3) Favorable Termination -- It calls for a termination reflecting on the merits of the action and the plaintiff's innocence of the misconduct alleged. (Lackner v. LaCroix 1979) 25 Cal.3d 747, 750-751; Pattiz v. Minye, 61 Cal.App.4th 826-827.) When the termination of the proceeding does not obviously reflect on the merits, the court must examine the reasons for termination to see if the disposition reflects the opinion of the court or the prosecuting party that the action would not succeed. If resolution of the underlying action leaves a residue of doubt about the plaintiff's innocence or liability, it is not a favorable termination sufficient to support a cause of action for malicious prosecution. (Id.at p. 827.)
Under the anti-SLAPP statute, if the attorney defendant is the prevailing party, the defendant attorney is entitled to his or her attorney fees and costs pursuant to CCP § 425.16.(c). On the other hand, even if the plaintiff is able to overcome the motion by demonstrating a "reasonable probability" of success or the merits, plaintiff may recover fees only if the motion was frivolous. (Ibid.)
Right to Immediate Appeal
In 1997, the legislature also granted the SLAPP-Defendant the right of immediate appeal if the motion is denied -- effectively staying proceedings in the trial court until the probable merits of the claim are determined by a higher court. (CCP § 425.16(j.).)
Avoiding Malicious Prosecution Claims
Although the anti-SLAPP legislation can help limit the expenses incurred in defending malicious prosecution cases, attorneys need to avoid becoming targets of malicious prosecution claims in the first place. Attorneys may reduce their exposure by considering the following:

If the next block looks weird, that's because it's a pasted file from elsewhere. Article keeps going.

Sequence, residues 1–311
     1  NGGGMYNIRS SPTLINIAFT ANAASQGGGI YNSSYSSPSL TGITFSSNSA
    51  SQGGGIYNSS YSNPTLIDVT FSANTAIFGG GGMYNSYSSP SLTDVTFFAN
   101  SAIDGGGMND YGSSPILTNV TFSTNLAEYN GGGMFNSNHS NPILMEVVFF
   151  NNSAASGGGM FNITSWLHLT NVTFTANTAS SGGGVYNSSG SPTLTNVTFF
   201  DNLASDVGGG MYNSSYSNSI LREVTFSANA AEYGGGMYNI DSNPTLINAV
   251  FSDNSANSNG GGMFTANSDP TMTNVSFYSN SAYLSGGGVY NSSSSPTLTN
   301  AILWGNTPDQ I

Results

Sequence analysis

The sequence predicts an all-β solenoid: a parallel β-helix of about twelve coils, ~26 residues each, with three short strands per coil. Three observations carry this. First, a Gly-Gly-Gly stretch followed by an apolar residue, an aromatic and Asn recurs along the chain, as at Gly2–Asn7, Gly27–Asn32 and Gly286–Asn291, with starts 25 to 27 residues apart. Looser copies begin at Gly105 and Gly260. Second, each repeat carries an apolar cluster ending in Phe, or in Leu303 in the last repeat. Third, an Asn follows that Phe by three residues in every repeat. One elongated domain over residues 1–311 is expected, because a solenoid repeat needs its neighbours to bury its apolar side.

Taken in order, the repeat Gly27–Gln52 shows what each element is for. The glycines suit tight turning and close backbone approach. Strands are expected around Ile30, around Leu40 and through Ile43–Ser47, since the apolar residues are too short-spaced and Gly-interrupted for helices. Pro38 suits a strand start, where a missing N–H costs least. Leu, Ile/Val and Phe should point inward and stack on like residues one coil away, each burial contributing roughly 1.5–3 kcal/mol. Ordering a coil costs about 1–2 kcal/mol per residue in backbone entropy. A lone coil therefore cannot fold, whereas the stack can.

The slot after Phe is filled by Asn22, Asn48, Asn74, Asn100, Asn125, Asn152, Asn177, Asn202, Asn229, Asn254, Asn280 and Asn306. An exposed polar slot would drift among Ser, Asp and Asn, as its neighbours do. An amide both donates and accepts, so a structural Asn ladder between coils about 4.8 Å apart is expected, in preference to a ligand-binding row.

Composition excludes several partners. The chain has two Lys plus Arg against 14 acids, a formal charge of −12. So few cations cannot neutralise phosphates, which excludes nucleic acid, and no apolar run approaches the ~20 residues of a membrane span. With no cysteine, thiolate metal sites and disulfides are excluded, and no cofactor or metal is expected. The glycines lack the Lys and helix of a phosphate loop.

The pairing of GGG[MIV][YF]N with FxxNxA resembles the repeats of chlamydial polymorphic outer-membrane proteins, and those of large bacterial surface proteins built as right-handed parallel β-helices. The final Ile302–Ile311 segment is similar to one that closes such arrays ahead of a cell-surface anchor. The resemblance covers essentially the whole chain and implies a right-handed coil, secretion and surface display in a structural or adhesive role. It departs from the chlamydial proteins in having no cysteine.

1) Screen prospective clients before accepting a case.
2) Document facts supporting the client's claim. Have the client confirm any questionable facts in writing.
3) Document any legal analysis and maintain copies of research and memos.
4) Consult with an expert if the area of law is outside the attorney's expertise.
5) Ensure communications remain professional and courteous. Acrimonious and threatening letters could be found as evidence of malice. Write all letters as if they were going to be read to a jury.
6) Limit pleadings to theories that are supportable under the facts known to the attorney. Amend the complaint if additional theories can be supported by ensuing discovery.
7) Avoid naming peripheral parties or any party where there is insufficient legal and factual basis for naming such a party.
8) Dismiss parties or claims in exchange for waiver of costs and a mutual release. Dismissing a claim or party without prejudice may or may not be deemed a favorable termination and is a question of fact. The opposing party will have the burden of proving that the termination was favorable. See Haight v. Handweiter (1988) 199 Cal.App. 3d 85.
9) Continue to evaluate the merits during the pendency of the action.
Consideration of the above factors may help eliminate your exposure to malicious prosecution claims.
This article is brought to you by Aon Attorneys' Advantage, the LACBA Sponsored Lawyers Professional Liability Insurance Program.